Exceptional Regency Bonheur du Jour attributed to John Maclean


An exceptional English Regency-period bonheur du jour attributed to John Maclean, ca 1810.

h: 106.5 cm (42’’)
w: only 72 cm (2’ 4 1/2’’)
d: 46.5 cm (18’’)


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An exceptional English Regency-period bonheur du jour attributed to John Maclean, ca 1810.

A fine early-19th century rosewood and brass-inlaid bonheur du jour or writing desk (or chevret) of the highest quality.

Of lovely colour and patina. In superb condition throughout.

John McLean (born 1770, died 1825) was an English furniture- and cabinet-maker and designer. He was recognised as one of the best of his era, representing the best in English cabinet making. Examples of his furniture can be found in the Victorian and Albert Museum, The California Palace of the Legion of Honor and the Library at Saltram, Devon.[1]

The origins of the McLean firm is somewhat confused by the many variations in spelling the name ‘McLean’. “John MacKlane, upholder and cabinet maker in Little Newport Street, off Leicester Square” is listed in 1774.[2]


  1. ^ “Sale of exceptionally Rare Regency Brass-Mounted Rosewood Table”. Thomas Coulborn & Sons.
  2. ^ Jump up to: a b The London furniture makers: from the Restoration to the Victorian Era, 1660-1840
  3. ^ Jump up to: a b c Simon Redburn, John McLean and Son, Furniture History
  4. ^ “Fine Regency Gilded & Gilt Brass Rio Rosewood Canterbury by JOHN MCLEAN & SON – Freshfords Fine Antiques”. Retrieved 2017-03-05

A bonheur du jour (French, meaning “daytime delight”) is a type of lady’s writing desk. It was introduced in Paris by one of the interior decorators and purveyors of fashionable novelties called marchands-merciers about 1760, and speedily became intensely fashionable.[1] The bonheur du jour is always very light and graceful,[2] with a decorated back, since it often did not stand against the wall (meuble meublant) but was moved about the room (meuble volant); its special characteristic is a raised back, which may form a little cabinet or a nest of drawers, or open shelves, which might be closed with a tambour, or may simply be fitted with a mirror. The top, often surrounded with a chased and gilded bronze gallery, serves for placing small ornaments. Beneath the writing surface there is usually a single drawer,[2] often neatly fitted for toiletries or writing supplies. Early examples were raised on slender cabriole legs; under the influence of neoclassicism, examples made after about 1775 had straight, tapering legs.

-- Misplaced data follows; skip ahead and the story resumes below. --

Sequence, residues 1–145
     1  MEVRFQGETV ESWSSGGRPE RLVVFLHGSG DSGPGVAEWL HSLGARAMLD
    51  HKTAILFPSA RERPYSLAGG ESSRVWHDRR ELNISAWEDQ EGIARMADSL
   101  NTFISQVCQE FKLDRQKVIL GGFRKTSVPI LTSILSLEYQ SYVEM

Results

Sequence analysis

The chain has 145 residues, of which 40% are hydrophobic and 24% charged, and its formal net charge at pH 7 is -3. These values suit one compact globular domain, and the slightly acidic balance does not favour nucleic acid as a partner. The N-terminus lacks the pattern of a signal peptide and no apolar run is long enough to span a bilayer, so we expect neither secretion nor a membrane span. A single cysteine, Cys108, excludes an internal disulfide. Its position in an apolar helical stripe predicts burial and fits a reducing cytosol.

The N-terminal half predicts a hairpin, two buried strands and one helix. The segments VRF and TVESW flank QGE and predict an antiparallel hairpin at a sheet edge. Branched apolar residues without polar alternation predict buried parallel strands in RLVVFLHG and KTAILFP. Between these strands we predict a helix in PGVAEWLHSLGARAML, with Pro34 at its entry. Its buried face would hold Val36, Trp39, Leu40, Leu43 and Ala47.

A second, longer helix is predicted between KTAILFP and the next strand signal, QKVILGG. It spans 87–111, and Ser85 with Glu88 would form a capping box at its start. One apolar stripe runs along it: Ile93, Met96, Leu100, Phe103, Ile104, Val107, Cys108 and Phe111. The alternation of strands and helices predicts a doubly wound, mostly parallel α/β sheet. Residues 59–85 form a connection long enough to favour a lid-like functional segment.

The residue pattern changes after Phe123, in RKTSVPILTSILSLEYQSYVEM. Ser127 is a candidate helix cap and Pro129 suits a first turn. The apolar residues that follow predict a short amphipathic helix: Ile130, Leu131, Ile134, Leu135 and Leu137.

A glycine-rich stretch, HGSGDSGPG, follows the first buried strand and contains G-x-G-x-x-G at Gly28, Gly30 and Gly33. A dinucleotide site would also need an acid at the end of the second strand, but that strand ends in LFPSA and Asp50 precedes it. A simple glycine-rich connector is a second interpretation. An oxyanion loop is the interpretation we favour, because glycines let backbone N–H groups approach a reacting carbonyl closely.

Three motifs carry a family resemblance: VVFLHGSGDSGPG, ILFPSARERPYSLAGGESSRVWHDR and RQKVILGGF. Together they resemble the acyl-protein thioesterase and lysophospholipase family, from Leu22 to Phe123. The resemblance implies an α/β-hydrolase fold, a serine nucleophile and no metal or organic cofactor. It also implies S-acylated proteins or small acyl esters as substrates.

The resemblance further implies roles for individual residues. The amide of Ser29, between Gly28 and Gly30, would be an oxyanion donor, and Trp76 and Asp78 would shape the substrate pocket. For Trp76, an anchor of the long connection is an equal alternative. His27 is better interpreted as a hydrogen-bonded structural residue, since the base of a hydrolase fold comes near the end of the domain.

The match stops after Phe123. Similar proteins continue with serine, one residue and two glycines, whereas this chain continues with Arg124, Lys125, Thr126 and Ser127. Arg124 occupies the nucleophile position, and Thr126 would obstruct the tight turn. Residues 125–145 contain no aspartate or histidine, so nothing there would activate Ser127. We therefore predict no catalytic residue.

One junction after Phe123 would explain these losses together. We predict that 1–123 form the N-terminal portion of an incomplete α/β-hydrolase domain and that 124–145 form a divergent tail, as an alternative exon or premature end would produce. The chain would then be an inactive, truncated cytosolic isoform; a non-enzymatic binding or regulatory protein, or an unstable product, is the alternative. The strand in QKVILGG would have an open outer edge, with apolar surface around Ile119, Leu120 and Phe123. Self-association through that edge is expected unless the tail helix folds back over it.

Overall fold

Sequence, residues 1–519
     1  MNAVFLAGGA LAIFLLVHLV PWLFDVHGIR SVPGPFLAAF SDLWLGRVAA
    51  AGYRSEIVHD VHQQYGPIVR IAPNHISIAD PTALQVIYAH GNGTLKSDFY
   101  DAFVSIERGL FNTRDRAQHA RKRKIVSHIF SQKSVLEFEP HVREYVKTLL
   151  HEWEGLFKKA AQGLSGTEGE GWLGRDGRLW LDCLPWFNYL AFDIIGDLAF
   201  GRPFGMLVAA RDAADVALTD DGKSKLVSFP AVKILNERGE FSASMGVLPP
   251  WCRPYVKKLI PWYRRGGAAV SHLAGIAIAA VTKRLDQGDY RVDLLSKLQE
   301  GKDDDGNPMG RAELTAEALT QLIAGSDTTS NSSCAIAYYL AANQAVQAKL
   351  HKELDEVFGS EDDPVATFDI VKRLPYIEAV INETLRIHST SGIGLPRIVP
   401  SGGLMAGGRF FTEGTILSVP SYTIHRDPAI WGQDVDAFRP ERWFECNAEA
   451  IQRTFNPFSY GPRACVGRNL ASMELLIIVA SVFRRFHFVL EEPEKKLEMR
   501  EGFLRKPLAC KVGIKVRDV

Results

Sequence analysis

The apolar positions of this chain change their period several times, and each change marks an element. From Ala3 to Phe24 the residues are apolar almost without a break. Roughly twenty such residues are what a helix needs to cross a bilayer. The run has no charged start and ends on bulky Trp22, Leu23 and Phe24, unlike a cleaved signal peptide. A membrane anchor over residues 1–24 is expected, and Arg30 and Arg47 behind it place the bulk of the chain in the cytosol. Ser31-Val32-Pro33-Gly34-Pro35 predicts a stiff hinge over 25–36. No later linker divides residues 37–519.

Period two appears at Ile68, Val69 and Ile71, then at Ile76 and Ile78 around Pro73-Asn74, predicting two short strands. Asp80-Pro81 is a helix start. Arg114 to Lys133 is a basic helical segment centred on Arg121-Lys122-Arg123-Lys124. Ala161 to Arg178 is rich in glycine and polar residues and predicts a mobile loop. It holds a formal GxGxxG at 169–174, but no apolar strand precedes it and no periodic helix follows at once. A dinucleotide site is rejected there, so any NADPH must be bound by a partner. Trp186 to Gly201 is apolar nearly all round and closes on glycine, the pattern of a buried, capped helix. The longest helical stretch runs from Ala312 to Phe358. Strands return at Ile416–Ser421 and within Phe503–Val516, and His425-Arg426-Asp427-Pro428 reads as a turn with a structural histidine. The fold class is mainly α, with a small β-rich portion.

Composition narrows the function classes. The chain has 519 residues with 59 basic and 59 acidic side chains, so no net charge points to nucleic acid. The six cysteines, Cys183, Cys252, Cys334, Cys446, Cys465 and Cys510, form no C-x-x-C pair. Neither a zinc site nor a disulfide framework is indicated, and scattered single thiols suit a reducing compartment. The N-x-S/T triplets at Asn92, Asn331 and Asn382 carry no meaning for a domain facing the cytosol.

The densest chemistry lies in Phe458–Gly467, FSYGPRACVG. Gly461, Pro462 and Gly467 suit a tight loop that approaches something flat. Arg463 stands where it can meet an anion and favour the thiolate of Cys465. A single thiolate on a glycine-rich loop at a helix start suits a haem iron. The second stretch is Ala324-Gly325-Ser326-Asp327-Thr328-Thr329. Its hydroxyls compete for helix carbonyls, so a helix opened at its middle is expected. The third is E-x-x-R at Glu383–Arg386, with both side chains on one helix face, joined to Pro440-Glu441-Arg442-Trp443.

Nb. A very similar bonheur du jour also attributed to John Maclean was sold at ‘Tom Devenish: The Collection – Highly Important English Furniture’, Sotheby’s, New York, 24th April 2008 lot 176 for US$37,000.

An English Regency period brass-mounted library table attributed to John Maclean was sold by Christies, 18th June 2008, for £109,250

Vis. A Life’s Devotion: The Collection of the Late Mrs T.S. Eliot, Christie’s London, 20 Nov 2013 – A Regency brass-mounted rosewood side table – attracted to JOHN MACLEAN, ca 1810 – Price realised: GBP 20,000.


See S. Redburn, John McLean and Son, Furniture History (1978) plate 38A, for a comparable chevret table, formerly at Lowther Castle.
See also Christie’s, London, 7 December 1971, lot 67, for an unattributed chevret table of the same model but with various differences in the marquetry and design.

The firm of McLean and son was established in London around 1770, trading from premises in Little Newport Street, Leicester Square, until 1783. By 1790 the firm had moved to 55 Upper Marylebone Street, later expanding to occupy premises in both Pancras Street and Upper Terrace and continuing in business until 1825. Cabinet-makers of the highest calibre, patronised by such leading connoisseurs as the 5th Earl of Jersey, for whom they worked extensively at Middleton Park, Oxfordshire, and the Earl’s London mansion in Berkeley Square. In Thomas Sheraton’s, The Cabinet Dictionary of 1803, McLean and sons are listed among the foremost English cabinet-makers of the period, and it is some indication of the esteem in which they were held that Sheraton himself made use of one of their designs for a ‘pouch table’, which he illustrated in the Dictionary, (pl.65), remarking that, ‘The design… was taken from one executed by Mr M’Lean in Mary-le-bone street, near Tottenham court road, who finishes small articles in the neatest manner”.